First published on TechNet on Jun 02, 2011
here again. Do you hate your users? Do you revel in removing the slightest joy they have in their day? Do you wish to crush their hope and dreams, to the point of removing the small shreds of humanity they see while walled into their bleak veal pens?
If so, this post is for you.
Today I talk about how to block wallpaper and theme migration from Vista or Windows 7 source computers when running USMT. The actual blocking part here is trivial, so if that's all you care about skip to the end. If you want to learn something, start at the beginning: this is part of an informal series that explains
USMT reverse engineering
. Once you get good at this, you can figure out any weird little corner-case on your own. Even blocking default behaviors. Like not letting people have pictures of their grandkids.
How do you live with yourself?
Understanding how wallpaper works
If you're migrating from Windows XP, you are already good to go - as you know from
, wallpapers are not migrated automatically from that OS unless you write
However, if you are migrating from Windows Vista or Windows 7, user backgrounds do transfer over and work fine. It's tricky to turn off though, due to the shell's various personalization options. Let's walk through this.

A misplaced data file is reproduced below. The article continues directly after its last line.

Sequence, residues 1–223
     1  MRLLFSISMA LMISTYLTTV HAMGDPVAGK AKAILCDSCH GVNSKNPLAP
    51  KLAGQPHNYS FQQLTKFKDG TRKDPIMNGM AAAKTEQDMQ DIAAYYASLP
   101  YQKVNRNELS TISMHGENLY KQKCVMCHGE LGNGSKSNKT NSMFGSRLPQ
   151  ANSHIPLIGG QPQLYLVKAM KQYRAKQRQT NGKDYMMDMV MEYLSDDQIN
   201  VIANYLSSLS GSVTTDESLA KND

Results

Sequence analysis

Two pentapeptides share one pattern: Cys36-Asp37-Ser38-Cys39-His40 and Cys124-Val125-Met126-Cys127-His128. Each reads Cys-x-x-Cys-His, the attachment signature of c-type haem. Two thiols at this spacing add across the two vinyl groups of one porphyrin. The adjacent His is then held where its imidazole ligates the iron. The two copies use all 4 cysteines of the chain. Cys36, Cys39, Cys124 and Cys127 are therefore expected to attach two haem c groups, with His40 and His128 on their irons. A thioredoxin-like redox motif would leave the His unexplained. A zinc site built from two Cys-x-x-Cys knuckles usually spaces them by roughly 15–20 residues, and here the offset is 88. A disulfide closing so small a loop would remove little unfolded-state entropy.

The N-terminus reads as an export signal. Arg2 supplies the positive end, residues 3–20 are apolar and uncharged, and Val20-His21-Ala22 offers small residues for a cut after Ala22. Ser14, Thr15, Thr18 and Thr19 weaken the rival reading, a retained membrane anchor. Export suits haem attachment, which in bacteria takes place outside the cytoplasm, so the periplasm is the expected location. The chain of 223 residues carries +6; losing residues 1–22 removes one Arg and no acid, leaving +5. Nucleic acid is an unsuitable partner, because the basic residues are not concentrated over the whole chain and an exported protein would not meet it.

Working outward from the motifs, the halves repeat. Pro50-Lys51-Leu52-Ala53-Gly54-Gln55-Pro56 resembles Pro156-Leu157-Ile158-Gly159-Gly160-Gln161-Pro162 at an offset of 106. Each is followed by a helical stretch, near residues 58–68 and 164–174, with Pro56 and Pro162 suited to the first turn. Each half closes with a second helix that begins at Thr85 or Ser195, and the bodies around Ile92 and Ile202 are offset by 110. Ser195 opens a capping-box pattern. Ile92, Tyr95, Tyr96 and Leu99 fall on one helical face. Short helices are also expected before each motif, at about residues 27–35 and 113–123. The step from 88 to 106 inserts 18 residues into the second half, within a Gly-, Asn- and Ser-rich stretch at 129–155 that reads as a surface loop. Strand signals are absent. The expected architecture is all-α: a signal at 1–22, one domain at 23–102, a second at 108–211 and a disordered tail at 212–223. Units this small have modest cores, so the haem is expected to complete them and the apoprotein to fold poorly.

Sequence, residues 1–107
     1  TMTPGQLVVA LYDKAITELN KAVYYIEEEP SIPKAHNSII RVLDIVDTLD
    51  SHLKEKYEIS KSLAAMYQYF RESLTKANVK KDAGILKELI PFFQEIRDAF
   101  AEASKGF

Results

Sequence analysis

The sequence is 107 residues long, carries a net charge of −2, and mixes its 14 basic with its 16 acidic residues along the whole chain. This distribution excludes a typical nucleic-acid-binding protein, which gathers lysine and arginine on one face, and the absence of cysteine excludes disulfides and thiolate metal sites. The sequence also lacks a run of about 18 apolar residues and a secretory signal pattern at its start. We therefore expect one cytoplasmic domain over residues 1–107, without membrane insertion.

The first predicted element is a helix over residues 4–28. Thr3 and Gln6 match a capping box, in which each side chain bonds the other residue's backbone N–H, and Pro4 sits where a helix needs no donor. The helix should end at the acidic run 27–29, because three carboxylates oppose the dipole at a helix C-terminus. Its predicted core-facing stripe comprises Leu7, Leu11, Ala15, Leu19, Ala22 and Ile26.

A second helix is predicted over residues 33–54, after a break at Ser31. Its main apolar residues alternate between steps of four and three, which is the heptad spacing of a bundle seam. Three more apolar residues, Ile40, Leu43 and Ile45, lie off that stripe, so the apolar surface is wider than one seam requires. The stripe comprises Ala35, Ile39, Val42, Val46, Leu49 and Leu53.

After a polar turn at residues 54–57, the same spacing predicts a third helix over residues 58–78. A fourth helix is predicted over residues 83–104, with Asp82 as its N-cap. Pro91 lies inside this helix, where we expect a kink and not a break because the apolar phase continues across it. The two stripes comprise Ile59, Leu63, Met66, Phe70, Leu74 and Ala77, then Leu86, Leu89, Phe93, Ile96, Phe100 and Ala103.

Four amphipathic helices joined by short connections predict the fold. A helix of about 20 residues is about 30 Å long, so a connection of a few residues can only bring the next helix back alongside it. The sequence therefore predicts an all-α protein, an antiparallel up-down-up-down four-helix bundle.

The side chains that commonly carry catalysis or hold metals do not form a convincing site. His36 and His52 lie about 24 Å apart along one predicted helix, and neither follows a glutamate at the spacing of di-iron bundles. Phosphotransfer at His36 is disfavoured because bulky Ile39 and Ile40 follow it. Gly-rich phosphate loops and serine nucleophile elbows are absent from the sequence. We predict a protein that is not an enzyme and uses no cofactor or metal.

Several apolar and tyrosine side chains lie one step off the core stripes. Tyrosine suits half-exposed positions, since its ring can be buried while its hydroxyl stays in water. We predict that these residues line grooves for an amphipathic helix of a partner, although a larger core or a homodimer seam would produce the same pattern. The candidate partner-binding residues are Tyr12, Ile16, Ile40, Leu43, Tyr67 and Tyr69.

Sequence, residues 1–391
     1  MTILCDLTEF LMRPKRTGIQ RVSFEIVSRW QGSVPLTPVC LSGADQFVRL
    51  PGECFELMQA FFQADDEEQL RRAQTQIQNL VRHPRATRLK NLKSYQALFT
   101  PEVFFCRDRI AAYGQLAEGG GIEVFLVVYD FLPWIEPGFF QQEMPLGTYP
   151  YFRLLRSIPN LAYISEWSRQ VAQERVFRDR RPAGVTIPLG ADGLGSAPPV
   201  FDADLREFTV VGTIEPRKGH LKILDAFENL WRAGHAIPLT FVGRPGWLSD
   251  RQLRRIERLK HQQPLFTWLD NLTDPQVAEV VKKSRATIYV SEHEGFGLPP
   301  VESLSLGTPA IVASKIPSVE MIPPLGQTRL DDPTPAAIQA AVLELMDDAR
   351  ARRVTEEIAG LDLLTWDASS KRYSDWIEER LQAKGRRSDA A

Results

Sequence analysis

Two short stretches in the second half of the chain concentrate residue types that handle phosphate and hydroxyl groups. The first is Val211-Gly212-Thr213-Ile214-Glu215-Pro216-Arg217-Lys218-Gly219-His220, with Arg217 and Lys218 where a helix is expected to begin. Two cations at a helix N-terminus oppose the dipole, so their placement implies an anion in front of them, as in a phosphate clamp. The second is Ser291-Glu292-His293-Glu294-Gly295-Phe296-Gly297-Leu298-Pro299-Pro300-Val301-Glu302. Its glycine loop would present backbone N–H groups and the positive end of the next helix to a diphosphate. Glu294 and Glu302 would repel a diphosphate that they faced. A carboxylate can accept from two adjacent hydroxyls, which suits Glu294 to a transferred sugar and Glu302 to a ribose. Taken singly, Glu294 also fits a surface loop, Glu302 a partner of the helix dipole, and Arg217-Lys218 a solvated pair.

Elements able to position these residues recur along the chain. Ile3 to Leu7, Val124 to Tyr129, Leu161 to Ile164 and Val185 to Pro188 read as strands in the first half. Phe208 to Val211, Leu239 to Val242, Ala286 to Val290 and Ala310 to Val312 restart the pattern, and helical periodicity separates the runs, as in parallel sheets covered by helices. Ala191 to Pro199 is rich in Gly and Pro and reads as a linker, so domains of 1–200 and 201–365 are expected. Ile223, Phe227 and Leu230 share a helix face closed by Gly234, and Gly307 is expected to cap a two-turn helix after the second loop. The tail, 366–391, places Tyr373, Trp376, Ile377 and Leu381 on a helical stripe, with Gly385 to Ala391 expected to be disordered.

Here for example, looking at a Windows Vista computer, you see that the desktop key (which contains a wallpaper registry value) is migrated using an OS built-in manifest:
A quick Internet search seems to confirm that this is the right key data, as does looking at the registry:
If you set that
manifest to NO in your
(which is a bad idea, as that manifest migrates quite a few other settings and the users are going to be noticeably affected), then test a migration:
... the wallpaper customizations are
This shows the danger of searching for references in the manifests without actually looking at the rules in the XML. Let's zoom out a bit:
Examining that manifest closely shows that it actually already
migration of the wallpaper setting. But if you look at an actual user migration you will see that this wallpaper registry key
migrate even with this exclusion. You can search XML all you want for this one but you will only figure it out by the process of elimination: it's coming from:
If you block the
settings explicitly by using the config.xml, you block the wallpaper migration implicitly. This works because when the user first logs on and has blank theme settings, the
theme is set by the OS and voila: no customization happened,
even if the Control Panel\Desktop\Wallpaper value is set
. It sets the user to the default Windows theme. Sweet!
Nevermind all that, let's block some wallpaper!
Either of these works ion its own, pick one. The second one is the recommended one, the first one is the easier one:
1. Use the themeui
(this can have unwanted side effects for various manifests, but in this case it's atomic to wallpaper and themes) to set
2. Use custom XML (this is a best practice and generally recommended when blocking default migration behaviors):